“What we really need to look at is what the Clayton County residents want. It’s important to remember that the bill does not just include MARTA – so we have to ask if they want MARTA, buses, a rail line?” Commissioner Singleton told Atlanta Progressive News.
“It’s imperative that we address what they think is most needed for their county and not allow Clayton to become a cash cow for MARTA. All of this is dependent on the penny tax, and how that penny will be spent,” Singleton said.
The amount of the tax serves as the main point of contention for Singleton, who is hoping to have questions on the money’s purpose answered by a mass transit feasibility study currently being conducted. The study will focus on the cost effectiveness of Clayton joining MARTA, starting their own mass transportation system, or simply opting out altogether.
Singleton believes the difference will come down to using the one cent tax or cutting it back to half of a penny, which will in turn determine whether Clayton will be able to fund expansions of MARTA’s current rail lines or, conversely, whether Clayton’s transit investments will be limited to more localized forms of transportation such as bus services only.
If given a full penny in which to operate, the realistic outcome would be a transition from nothing, to buses, and then to full rail lines.
“This is a now or never moment. Even though the referendum would amend the part of the MARTA Act that requires decisions on mass transportation to be conducted only during general elections, I think the time is now,” Commissioner Edmondson told APN.
[This statement by Commission Edmondson does not appear to be corect. The referendum would not amend the MARTA Act, nor could any county referendum amend a state law. However, if the legislature were to amend the MARTA Act, then the Commission could hold the referendum in a non-statewide election year such as 2015.]
All of the commissioners, including Chairman Turner, believe that this November ballot will be crucial.
“If the referendum fails to be placed on the November ballot, it could be brought back or we could go ahead with establishing our own transportation system. The transit system will not be dead, and I will still fight for it regardless of the outcome,” Turner told APN.
“But it is very important to include the citizens on what they think is best for the county as soon as possible. The transit will have to be the best fit for Clayton County. If that means MARTA, then I’m on board. If that means another type of transportation, then I’m on board with that. Of course, if the proposal is passed this July, we will be gearing towards MARTA,” he said.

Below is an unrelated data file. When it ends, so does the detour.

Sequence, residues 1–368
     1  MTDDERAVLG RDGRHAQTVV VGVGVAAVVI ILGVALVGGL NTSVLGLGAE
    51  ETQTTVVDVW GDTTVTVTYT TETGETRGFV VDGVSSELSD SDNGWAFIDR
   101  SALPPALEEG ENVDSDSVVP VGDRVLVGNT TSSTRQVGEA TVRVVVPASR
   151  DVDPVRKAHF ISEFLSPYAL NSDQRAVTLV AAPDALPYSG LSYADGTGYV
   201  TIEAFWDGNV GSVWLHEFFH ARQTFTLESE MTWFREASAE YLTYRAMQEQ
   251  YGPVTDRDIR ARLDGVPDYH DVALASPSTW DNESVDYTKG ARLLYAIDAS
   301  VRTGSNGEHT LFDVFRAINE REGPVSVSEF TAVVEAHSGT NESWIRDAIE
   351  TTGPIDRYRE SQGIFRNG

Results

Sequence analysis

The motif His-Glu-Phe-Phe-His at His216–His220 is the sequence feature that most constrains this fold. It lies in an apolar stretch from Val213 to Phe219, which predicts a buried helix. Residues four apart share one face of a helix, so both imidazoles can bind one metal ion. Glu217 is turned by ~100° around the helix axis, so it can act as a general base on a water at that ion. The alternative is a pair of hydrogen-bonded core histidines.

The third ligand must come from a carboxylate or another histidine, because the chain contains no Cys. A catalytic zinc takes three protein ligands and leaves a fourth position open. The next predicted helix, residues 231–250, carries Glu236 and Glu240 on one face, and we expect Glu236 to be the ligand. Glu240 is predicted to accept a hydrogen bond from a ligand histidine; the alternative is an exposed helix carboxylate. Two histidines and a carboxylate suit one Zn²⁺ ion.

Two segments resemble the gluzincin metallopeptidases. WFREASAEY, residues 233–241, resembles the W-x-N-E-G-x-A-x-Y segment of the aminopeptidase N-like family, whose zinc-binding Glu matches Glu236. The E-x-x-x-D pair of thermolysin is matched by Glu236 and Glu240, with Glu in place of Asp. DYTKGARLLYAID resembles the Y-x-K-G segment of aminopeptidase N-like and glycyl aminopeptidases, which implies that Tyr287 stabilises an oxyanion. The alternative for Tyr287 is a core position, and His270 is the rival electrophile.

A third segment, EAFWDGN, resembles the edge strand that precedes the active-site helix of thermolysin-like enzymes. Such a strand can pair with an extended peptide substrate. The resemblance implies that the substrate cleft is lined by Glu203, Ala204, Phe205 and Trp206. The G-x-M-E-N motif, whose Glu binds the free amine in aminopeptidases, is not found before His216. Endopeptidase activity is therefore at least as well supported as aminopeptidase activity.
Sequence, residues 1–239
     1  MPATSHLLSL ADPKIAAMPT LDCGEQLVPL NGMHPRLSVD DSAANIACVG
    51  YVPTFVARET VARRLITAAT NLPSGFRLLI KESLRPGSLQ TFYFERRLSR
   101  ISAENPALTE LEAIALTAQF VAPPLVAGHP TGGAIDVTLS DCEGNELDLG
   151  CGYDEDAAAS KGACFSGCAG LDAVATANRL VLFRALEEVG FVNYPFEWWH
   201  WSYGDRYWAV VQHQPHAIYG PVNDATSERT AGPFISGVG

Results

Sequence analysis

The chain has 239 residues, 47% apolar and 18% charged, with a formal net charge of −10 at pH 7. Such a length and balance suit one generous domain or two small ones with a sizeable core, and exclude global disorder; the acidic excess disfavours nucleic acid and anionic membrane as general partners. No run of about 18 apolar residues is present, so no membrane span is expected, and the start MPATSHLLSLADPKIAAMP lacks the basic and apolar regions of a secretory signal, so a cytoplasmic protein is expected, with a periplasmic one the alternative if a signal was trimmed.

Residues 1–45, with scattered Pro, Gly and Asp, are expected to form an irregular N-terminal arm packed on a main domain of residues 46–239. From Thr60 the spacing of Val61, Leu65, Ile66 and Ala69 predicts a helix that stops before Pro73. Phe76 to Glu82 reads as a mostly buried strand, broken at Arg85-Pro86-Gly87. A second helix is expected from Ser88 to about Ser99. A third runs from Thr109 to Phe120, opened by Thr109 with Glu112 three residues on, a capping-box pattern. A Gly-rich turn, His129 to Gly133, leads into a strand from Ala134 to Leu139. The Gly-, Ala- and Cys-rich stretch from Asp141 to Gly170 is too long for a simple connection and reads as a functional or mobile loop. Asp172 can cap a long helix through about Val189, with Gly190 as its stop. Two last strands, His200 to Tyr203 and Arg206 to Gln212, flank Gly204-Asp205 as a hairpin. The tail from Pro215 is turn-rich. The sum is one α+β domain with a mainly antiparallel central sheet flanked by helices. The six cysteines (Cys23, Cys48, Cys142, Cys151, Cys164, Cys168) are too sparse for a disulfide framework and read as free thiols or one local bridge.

These concrete plans still have to be hashed out. The feasibility study, as well as answers to HB 1009’s penny tax questions, are to be discussed by the Commissioners during their second round of meetings being held this week.
Some advocates for the referendum are excited about its potential to help reduce negative environmental effects caused by increased pollution from cars.
“Simply put, public transportation gets people out of their cars. The fewer cars there are on the road, the less air pollution there is. Atlanta has had a major problem with pollution and this could help solve it,” Brionté McCorkle of Georgia’s Chapter of The Sierra Club said in a written statement prepared for APN.
“In Clayton, expanding public transit will be particularly helpful since a large portion of the county commutes to Atlanta for jobs. Those commuters could choose to take public transit – especially rail transit – if it were available, thus taking cars off the road and improving air quality within the county,” McCorkle said.
“In addition to improved air quality, public transit contributes to an overall improved quality of life in Clayton. Public transit encourages denser development along transit corridors, which discourages sprawl, while attracting businesses and residents. This means that people will be able to get more places, faster without being burdened by long commutes and congestion,” she said.
This past year, the American Lung Association ranked Atlanta eighteenth among U.S. cities with the highest level of air pollution in the country. By joining up with MARTA, Clayton County could stand a real chance in helping reduce this problem.
CORRECTION: The original version of this article implied that the Clayton County Commission could hold the referendum any time up until, or including, 2016. However, the referendum would have to occur this year in 2014, for reasons explained above in the revised version of this article.
In addition, the original version of this article mistakenly said that the Commission had introduced legislation in March 2014 to set a binding referendum for joining MARTA. However, that was the State legislation that was introduced on or around that time.